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Commands to kill, to commit ethnic cleansing, to institutionalize segregation, to hate and fear other races and religions—all are in the Bible, and all occur with a far greater frequency than in the Qur’an. But fanaticism is no more hard-wired in Christianity than it is in Islam. In Laying Down the Sword, “one of America’s best scholars of religion” (The Economist) explores how religions grow past their bloody origins, and delivers a fearless examination of the most violent verses of the Bible and an urgent call to read them anew in pursuit of a richer, more genuine faith.
Christians cannot engage with neighbors and critics of other traditions—nor enjoy the deepest, most mature embodiment of their own faith—until they confront the texts of terror in their heritage. Philip Jenkins identifies the “holy amnesia” that, while allowing scriptural religions to grow and adapt, has demanded a nearly wholesale suppression of the Bible’s most aggressive passages, leaving them dangerously dormant for extremists to revive in times of conflict. Jenkins lays bare the whole Bible, without compromise or apology, and equips us with tools for reading even the most unsettling texts, from the slaughter of the Canaanites to the alarming rhetoric of the book of Revelation.
Laying Down the Sword presents a vital framework for understanding both the Bible and the Qur’an, gives Westerners a credible basis for interaction and dialogue with Islam, and delivers a powerful model for how a faith can grow from terror to mercy.
I have read some of Jenkins other books and find this one less helpful.Published 4 months ago by Donald E. Melchert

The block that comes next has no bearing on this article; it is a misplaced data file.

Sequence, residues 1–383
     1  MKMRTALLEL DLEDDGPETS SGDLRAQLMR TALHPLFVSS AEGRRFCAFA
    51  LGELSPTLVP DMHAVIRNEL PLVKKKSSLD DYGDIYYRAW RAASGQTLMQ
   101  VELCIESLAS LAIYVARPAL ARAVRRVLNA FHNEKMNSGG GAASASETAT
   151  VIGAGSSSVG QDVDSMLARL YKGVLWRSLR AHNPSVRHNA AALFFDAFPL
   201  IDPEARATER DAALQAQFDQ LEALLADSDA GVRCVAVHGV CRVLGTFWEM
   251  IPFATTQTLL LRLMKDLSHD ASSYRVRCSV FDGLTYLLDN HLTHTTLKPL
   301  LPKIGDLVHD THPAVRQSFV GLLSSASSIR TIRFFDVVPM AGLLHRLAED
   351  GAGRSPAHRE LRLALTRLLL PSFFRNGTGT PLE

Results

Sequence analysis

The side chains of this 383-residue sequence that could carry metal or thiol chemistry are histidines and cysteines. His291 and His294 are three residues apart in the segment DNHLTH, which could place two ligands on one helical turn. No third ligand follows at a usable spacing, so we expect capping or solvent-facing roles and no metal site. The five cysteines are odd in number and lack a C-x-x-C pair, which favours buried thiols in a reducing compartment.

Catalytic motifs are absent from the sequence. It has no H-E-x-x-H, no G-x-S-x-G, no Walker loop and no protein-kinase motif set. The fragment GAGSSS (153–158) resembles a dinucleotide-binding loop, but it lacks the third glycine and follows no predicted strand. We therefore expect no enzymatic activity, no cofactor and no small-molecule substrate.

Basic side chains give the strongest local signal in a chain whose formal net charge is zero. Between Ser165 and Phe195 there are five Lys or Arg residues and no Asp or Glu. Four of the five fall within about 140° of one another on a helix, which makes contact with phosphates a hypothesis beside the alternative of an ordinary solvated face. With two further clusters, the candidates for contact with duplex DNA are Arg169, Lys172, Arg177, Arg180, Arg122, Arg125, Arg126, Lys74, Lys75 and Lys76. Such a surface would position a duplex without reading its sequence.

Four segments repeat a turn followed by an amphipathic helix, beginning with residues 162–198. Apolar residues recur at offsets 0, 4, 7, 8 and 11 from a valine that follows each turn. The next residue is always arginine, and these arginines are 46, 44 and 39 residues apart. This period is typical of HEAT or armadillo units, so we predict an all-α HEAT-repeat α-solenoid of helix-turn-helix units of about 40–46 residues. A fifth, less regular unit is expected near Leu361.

This book does not exactly deal with the Bible as written. More precisely it is an interesting and useful examination of "dark passages"--especially as found in Deuteronomy and... Read morePublished 10 months ago by jfd
As a Catholic, I have a basic disagreement with both Fundamentalists on the one hand and Mr. Jenkins on the other as the principles for understanding the Bible: I accept neither... Read morePublished 16 months ago by GKC1951
Arrived in time and was the topic of a class. Especially useful if one has not ever studied the Bible in an academic way.Published 17 months ago by DorothyR
In my opinion this is one of Dr. Jenkins best books. I've read a lot of his books; he is my favorite non-fiction writer. Dr. Read morePublished 20 months ago by James Watrous
This book is fascinating. It exposes the dark underside of Judeo-Christian communities in terms of their readiness and even eagerness to invoke biblical passages of holy genocide... Read morePublished on November 7, 2013 by Michael
I was initially frustrated because I expected an immediate discussion about the Bible's violent verses, and instead the book seemed to digress a lot. Read morePublished on August 16, 2013 by Sandra L. Etemad
Jenkins has an agenda, and it's not to expose the truth. It's to sell books. This is another sad example of an author more interested in selling his book than in presenting the... Read morePublished on April 23, 2012 by Thomas